The novel’s sense of circularity has somewhat of a presence in the film, but more in some different ways.  The opening lines of the book were used as voice-over early in the film, and do re-appear at the end of the film, but I’m not sure I’d have realised this if I hadn’t read the book several days before. Also, they’re not the exact opening of the film. That is a stunning, long single take, tracking with a herd of cattle coming out of their barn, into the muddy yard, making their way to muddy fields, one bull mounting a cow, a dog  barking, rain drenching an already saturated area. So this doesn’t quite capture the same sense of the story starting all over again. Perhaps the film’s translator sensed this – the book’s last chapter is “The Circle Closes”, in the film “No Way Out.”  The same meaning, and yet not the same.

The film instead has a number of moments that I can’t remember in the novel where you see an event several times in different characters’ chapters.  The centrepiece is the impromptu dancing in the bar, the Sátántangó of the titles.  At one time we are inside the bar with several of the characters in the dance. At another we are with the retarded girl outside in the rain looking into the warm bar.
Mentioning the retarded girl raises another point. Her situation is probably able to be appreciated more substantially in the book where we learn more of her back story. Her chapter features one of the most confronting scenes in a film, where she tries to explore if she can have power over another living creature, and force feeds rat poison to her cat. In a long, long take we watch the cat lap the milk, try to struggle, collapse, die. There are no cuts where you can imagine a dummy being substituted for the live cat. I had to search the Internet before being able to watch the next chapter. Tarr is quoted as saying that the cat was his family’s pet, that a veterinarian was on set all the time, and the cat lived a long life after the film. But it all looks distressingly real!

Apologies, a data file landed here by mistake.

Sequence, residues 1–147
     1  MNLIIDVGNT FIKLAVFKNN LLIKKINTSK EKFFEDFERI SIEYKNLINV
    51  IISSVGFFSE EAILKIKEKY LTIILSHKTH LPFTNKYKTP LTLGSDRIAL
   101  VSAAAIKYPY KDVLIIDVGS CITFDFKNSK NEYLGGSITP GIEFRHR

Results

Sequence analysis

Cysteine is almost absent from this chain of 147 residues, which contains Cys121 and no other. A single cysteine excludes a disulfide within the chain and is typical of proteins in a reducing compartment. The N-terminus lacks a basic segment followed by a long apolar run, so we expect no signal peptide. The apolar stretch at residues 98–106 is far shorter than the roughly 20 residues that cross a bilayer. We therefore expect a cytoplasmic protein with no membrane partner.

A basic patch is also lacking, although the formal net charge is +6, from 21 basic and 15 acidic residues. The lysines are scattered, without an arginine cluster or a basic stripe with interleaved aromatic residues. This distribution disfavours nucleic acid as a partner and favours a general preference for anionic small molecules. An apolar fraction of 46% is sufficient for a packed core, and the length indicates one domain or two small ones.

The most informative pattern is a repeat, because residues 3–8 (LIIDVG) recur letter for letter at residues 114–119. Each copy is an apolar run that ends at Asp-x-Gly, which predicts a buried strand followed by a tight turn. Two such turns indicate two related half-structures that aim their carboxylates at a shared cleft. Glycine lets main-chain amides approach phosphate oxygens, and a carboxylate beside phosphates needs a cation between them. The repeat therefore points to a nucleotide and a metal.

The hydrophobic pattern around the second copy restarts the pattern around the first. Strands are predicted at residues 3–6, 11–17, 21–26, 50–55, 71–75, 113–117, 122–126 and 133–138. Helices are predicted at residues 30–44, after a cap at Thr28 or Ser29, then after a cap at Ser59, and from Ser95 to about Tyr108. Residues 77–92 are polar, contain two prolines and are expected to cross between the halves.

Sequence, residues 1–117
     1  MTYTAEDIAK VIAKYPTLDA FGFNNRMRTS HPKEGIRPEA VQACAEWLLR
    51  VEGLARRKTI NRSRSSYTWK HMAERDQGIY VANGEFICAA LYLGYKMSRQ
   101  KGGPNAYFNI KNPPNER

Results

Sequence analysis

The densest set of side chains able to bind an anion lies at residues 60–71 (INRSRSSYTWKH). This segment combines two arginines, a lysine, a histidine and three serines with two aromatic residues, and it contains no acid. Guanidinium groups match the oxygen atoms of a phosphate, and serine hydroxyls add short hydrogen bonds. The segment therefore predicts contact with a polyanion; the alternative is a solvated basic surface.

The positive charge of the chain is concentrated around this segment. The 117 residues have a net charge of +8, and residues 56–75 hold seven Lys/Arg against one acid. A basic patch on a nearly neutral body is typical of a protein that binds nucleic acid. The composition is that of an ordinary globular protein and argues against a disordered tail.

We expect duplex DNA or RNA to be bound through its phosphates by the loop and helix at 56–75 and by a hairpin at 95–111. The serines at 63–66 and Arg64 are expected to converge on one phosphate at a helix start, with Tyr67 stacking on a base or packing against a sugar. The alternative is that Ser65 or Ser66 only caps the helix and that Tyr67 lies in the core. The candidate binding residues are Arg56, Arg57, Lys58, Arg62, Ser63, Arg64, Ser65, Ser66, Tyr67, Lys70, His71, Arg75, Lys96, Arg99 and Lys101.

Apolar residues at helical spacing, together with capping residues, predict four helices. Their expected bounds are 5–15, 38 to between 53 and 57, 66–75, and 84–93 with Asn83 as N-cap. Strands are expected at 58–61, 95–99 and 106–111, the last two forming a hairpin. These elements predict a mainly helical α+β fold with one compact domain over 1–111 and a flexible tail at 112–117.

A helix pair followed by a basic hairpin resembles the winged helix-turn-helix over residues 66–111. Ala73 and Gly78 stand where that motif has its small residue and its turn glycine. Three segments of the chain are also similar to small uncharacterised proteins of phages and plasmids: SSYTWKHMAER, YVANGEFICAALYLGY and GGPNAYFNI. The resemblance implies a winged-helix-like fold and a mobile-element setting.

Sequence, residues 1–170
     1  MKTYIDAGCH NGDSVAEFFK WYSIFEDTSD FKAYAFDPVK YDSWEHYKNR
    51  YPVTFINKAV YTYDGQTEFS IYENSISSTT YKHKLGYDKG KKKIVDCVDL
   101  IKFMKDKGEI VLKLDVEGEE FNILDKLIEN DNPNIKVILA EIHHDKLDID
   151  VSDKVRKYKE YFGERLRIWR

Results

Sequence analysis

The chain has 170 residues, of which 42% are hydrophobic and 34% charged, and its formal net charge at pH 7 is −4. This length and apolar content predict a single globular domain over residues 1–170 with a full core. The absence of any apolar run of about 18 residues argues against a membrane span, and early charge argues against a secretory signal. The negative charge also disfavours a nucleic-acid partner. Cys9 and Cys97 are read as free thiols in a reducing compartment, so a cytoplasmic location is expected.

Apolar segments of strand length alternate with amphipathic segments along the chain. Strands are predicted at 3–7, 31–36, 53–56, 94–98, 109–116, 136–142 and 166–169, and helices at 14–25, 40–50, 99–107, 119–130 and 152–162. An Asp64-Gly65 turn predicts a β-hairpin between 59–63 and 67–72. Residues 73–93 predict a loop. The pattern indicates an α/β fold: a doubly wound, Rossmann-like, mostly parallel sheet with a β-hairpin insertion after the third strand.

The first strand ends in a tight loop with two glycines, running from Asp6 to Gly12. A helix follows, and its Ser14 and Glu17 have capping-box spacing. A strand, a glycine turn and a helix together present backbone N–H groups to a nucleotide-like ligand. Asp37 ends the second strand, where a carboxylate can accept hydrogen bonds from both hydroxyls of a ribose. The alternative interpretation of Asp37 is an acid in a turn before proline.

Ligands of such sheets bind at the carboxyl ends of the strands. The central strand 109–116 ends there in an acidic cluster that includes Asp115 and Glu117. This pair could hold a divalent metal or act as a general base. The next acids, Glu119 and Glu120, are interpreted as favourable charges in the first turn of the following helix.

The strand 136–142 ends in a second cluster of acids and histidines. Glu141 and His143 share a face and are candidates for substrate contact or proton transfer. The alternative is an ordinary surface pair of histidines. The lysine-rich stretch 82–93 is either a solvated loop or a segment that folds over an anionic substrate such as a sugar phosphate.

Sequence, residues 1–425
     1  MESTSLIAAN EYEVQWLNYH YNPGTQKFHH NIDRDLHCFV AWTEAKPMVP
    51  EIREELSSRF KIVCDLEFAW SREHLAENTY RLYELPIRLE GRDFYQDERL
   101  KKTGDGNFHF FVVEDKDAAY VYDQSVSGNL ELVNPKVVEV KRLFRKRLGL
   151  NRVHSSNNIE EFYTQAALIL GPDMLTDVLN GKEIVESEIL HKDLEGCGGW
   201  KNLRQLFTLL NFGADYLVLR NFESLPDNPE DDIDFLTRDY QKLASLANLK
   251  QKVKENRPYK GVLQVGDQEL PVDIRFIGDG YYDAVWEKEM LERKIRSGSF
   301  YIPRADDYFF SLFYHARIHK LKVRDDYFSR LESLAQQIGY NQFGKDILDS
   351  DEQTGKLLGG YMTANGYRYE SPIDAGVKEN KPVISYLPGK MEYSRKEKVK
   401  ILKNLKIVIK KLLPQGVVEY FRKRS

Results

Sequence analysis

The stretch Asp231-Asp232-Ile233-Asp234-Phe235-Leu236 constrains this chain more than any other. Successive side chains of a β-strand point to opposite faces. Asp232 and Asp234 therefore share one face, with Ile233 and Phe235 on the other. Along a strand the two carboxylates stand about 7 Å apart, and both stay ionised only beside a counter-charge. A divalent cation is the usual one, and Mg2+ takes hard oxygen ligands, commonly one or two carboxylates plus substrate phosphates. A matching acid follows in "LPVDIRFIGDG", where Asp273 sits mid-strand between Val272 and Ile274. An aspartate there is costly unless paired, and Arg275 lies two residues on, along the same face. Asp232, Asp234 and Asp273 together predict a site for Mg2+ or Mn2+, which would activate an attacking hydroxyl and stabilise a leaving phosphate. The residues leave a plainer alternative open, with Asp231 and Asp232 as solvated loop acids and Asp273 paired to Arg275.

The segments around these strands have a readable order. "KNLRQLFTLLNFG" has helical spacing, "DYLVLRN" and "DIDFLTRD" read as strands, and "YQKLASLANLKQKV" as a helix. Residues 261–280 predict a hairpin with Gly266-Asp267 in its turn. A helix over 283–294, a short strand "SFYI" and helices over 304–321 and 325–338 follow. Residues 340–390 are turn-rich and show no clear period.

Was it worth slogging through the book, sitting through 7 hours of the film in one day?  Concentrating on the film, it was good to revisit it, especially as I had really lost most of it from my mind. Tarr is a powerful film maker, with a flair for setting a camera where it observes a wealth of human nature.  His control of the soundtrack adds to this. It is the atmosphere that most endures. The actual thematic importance is perhaps limited outside Hungary, especially as time moves the collapse of communism further into the past.  It’s not an analysis of the causes of that collapse, a sociological look at its impact, or a traditional character study.  And do you need 7 hours of atmosphere?

Anyway, at the very least I suppose I can make a big note of the fact that I did get through the book. And now, I’ve actually watched the film twice. Anyway again, yesterday when I watched it, it was far too hot to do anything outside, so at least I stayed cool.  And I finished with time for another episode of Horace and Pete.  Ah, now that’s a pleasure!